However, in sub-analyses considering only children born in an intervention compound after the intervention, significant declines were detected in the prevalence of the diarrhoea-causing bacterium Shigella and the helminth parasite Trichuris. So this indicates that the intervention did have a specific effect on two pathogens among very young children: this is an interesting and very encouraging finding.
Environmental sampling indicated some reduction in pathogen concentrations in soil at the toilet entrance. Furthermore, there was a significant reduction in the abundance of flies around toilets. The intervention therefore appears to have had some impact on faecal contamination in the immediate household environment, though not a strong impact.
So the findings provide evidence of some impacts on faecal-oral disease transmission, but no clear impact on health.
This lack of strong effect is unfortunately par for the course among recent major trials of sanitation interventions in rural contexts: see Cumming et al. (2019).
Interpreting these findings
OK, this is complex! There are number of possible explanations for the lack of strong effect:
a) The intervention wasn’t a good sanitation intervention. This seems an unlikely explanation. The researchers rigorously assessed quality of delivery (“fidelity and compliance”), and they found that delivery was excellent: the toilets were all built to good quality, with well-designed septic tanks, and people were using the toilets and in general keeping them clean. The intervention was not perfect (for example, there was probably insufficient attention to infant faeces disposal): but it was a good intervention. As further discussed below, though, insufficient coverage density may have been an issue.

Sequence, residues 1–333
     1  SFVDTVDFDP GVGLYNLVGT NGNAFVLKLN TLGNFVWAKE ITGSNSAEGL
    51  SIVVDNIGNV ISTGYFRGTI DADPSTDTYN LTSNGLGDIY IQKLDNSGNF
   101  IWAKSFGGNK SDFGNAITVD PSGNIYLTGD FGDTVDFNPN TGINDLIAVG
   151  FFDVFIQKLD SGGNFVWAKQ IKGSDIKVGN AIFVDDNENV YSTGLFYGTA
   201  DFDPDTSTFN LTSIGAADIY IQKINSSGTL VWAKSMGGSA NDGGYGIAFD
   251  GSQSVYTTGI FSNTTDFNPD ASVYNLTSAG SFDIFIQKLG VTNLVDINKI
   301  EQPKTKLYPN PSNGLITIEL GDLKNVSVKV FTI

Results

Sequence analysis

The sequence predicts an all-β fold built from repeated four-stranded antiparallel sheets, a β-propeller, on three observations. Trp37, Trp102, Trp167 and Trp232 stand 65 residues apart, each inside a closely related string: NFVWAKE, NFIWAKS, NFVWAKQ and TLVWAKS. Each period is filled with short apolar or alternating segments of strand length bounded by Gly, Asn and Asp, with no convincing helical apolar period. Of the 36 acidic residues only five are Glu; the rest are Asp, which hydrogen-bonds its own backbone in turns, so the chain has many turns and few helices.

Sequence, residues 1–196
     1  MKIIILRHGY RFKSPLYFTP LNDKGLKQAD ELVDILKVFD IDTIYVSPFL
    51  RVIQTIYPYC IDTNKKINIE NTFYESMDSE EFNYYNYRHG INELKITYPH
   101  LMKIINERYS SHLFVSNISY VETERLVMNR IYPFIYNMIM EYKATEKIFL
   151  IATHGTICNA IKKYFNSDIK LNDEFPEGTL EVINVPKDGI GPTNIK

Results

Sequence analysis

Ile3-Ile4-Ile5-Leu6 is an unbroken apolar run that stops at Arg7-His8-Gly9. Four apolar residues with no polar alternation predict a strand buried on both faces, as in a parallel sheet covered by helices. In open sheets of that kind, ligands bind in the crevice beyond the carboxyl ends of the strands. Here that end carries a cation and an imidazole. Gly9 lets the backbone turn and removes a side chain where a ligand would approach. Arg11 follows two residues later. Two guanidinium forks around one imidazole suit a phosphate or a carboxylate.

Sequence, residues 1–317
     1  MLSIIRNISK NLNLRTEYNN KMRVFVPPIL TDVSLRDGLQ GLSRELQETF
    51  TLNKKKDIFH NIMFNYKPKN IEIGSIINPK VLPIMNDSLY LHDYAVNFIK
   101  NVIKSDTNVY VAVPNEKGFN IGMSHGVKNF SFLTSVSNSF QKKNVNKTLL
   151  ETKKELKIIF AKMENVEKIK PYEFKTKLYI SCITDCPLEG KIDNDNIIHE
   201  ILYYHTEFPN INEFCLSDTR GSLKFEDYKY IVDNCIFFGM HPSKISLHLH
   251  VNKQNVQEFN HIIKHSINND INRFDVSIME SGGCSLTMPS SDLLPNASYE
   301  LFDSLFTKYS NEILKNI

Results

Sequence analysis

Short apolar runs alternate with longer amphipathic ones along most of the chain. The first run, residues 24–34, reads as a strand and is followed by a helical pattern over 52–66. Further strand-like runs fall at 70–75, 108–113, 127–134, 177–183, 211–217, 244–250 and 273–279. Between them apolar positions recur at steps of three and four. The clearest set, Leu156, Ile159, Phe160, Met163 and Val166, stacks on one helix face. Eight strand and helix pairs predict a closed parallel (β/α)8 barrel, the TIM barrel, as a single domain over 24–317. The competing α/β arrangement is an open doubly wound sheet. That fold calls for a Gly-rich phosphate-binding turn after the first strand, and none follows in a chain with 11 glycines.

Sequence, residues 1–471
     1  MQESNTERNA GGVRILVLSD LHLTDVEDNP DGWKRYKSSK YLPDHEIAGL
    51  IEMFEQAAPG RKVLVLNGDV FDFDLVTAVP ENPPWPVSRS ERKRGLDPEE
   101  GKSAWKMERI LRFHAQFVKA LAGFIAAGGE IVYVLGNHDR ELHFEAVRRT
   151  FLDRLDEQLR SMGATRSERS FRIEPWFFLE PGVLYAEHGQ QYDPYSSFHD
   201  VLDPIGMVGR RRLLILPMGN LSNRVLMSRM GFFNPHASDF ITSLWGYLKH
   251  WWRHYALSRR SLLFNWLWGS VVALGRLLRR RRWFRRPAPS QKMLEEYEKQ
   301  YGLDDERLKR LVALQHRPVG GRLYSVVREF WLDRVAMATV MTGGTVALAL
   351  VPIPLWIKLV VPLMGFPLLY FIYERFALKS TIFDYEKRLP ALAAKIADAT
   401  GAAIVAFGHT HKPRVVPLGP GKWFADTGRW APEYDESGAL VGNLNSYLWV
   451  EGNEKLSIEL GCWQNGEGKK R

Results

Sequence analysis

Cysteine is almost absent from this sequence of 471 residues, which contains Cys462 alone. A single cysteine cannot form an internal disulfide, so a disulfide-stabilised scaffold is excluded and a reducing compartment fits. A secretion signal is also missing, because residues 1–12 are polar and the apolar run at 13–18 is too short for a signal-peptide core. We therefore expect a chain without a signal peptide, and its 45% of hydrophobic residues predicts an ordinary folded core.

b) 24 months isn’t long enough to show an effect. A longer follow-up period might certainly detect additional effects: but again it seems unlikely that this is a major explanation… if we didn’t see a clear effect within 24 months, this suggests that the intervention didn’t have strong effect and won’t have strong effect in future. [It’s worth discussing this in a bit more detail. Faecal pathogens are abundant in these locations and these populations, and some persist for years in soil. So we might certainly expect even a strong-impact intervention to take several years to reach maximum effect. But the findings of this trial, for example around pathogen levels in soil, do not give reason to think that the effects of this intervention are heading towards a much stronger eventual effect.]
c) The intervention was good but insufficient. This seems by far the most likely explanation. The research findings show that faecal pathogens are abundant in Maputo slum environments, and infections are highly prevalent among children. It seems likely that breaking faecal pathogen transmission pathways will require multiple types of parallel intervention, possibly including education around food hygiene, better infant nutrition, better water quality, better primary healthcare, and maybe things like flood control and compound paving (so that kids are playing on washable concrete surfaces, not soil). It’s also possible that the coverage density of the sanitation intervention wasn’t sufficient: this intervention improved sanitation in many of the poorest compounds in the intervention districts, but it certainly didn’t provide massive blanket improvement across those districts.
What does this trial say about shared sanitation?